So, even as AI takes on more tasks—and more complex tasks at that—humans must continue to question, at each step, how the output of these tools will affect people and society.
For example, if a model is designed to keep people engaged on a platform, at what point does the engagement reach an unhealthy level? When does it drive overconsumption? Does the model encourage people to be taken advantage of? Businesses will always have commercial goals, but these need to be balanced with a consideration of the social impacts.
The most common way to achieve this balance is by maintaining a “human in the loop,” which means having a person or group of people consistently review, approve and adapt AI outputs and inputs to help avoid issues like bias and ensure organizations maintain a nuanced and complete understanding of the decisions they are making.
For example, when financial services organizations assess a loan applicant traditionally, human reviewers consider both credit history and individual circumstances, like employment changes due to a pandemic. This holistic approach allows for factors like repayment history to provide a more complete view of the individual. Algorithms, on the other hand, rely on raw data to make decisions and often lack a nuanced—but ultimately very relevant—understanding of human circumstances.
These are precisely the sorts of issues that companies of all kinds need to consider and avoid when integrating generative AI into processes.
2. Gather diverse voices to establish AI governance
Companies cannot address—or likely even comprehend—the full implications of AI using only their existing teams and resources.
Because generative AI is a novel, unregulated technology, it is up to companies to make decisions about how they are managing both the input and output of these models, as well as its design, development, operation and adaptation. Every step of this process—from ethically collecting training data to ensuring transparency with consumers and stakeholders—requires not just a specialized skill set, but many specialized skill sets working together as a common body.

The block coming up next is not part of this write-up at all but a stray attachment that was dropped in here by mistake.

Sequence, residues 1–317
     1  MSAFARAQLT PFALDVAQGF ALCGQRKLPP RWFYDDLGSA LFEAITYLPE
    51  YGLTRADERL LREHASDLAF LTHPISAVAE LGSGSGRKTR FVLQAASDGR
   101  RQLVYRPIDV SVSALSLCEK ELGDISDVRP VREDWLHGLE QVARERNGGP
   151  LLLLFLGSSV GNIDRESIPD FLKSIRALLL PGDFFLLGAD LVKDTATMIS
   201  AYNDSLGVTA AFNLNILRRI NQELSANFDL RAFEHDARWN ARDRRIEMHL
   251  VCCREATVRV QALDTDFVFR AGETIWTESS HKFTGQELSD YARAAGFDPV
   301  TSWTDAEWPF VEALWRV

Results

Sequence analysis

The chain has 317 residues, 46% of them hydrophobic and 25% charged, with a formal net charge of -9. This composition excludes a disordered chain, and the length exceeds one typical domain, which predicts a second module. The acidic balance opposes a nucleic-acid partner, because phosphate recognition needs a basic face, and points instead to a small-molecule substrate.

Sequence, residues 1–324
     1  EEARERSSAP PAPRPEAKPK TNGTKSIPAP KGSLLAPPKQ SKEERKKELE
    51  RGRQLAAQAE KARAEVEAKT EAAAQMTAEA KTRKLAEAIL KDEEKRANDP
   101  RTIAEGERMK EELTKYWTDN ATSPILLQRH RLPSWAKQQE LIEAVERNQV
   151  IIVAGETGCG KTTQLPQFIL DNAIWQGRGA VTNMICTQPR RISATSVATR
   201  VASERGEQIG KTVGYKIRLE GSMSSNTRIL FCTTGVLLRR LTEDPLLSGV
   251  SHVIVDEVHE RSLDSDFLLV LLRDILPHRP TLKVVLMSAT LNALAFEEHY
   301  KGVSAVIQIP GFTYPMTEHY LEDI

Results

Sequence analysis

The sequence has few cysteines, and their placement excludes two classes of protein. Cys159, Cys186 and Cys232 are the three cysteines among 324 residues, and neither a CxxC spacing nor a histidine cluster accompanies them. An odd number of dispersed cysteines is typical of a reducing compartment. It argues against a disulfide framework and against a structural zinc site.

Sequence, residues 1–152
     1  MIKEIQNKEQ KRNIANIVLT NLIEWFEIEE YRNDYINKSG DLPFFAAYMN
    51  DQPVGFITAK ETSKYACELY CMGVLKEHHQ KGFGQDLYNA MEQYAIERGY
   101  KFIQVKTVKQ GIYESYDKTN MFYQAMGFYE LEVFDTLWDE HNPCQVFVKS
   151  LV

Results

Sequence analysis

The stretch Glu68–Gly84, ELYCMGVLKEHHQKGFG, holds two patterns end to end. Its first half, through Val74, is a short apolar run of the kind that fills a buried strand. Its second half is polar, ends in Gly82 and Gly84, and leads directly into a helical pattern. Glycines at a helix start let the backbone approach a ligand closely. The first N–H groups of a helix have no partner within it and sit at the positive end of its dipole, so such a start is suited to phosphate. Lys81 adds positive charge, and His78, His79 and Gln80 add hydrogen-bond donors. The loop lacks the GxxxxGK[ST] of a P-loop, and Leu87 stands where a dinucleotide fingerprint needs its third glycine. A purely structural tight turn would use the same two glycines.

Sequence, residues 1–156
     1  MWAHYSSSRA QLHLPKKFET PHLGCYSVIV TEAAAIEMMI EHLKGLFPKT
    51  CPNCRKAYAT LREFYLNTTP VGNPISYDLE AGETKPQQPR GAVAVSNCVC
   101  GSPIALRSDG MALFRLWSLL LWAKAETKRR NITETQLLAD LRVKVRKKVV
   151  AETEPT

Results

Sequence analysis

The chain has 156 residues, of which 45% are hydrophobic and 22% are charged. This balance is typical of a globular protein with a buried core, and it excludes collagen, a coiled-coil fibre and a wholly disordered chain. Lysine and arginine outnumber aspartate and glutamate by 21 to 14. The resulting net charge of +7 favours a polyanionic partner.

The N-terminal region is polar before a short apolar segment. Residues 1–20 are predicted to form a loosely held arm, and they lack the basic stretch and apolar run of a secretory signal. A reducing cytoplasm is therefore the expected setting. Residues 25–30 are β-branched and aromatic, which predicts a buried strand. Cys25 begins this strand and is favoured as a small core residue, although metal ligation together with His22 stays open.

With this in mind, organizations should draw on the skills and expertise of external voices, such as academia, external counsel, industry consortia, government agencies, sociologists, ethicists and others, to establish a governing body. Such a body could be a board, working group, steering committee or other group, whose job it is to develop, implement and oversee the governance controls.
At this stage, many Big Tech organizations are demonstrating a high level of ethics when it comes to AI. Both Google and Microsoft have clearly outlined the principles and practices guiding their AI programs; they are also leading industry-wide discussions and collaborative efforts to address challenges associated with responsible and ethical use. For companies just beginning their AI journey, it may be helpful to review any open-source materials offered by these companies and use them as a blueprint for their own activity.
3. Envision AI systems that empower people rather than replace them
AI will likely be the central figure in much of the work we do in the future. While it may seem like the burden is on the workforce to embrace AI, the onus is really on leaders to empower people to do so.
Companies need to upskill and reskill existing employees to enable the quantum shift forward that AI represents. As part of this process, leaders need to explain and demonstrate the value of using this technology both on an individual and corporate level and create a clear path toward adoption.
One way to embed ethics into generative AI is to train employees on ethical considerations during the design and development process. This can be achieved by establishing a set of ethical principles and guidelines that guide the development of AI systems and providing training to employees on how to apply these principles in their work. These principles should be based on widely accepted ethical frameworks, such as transparency, accountability, fairness, and non-maleficence. By incorporating these principles into employee training, AI systems can be built to operate in an ethical manner, ensuring that they align with societal values and norms.
Likewise, to equip the future workforce with relevant skills and help them understand the implications of this technology, schools need to adapt their curriculum to reflect AI’s outsized role as a productivity tool and how to leverage these new capabilities safely, securely and responsibly.
4. Commit to continuous transparency and accountability
To demonstrate a high level of trust, companies must be transparent and accountable in their use of AI.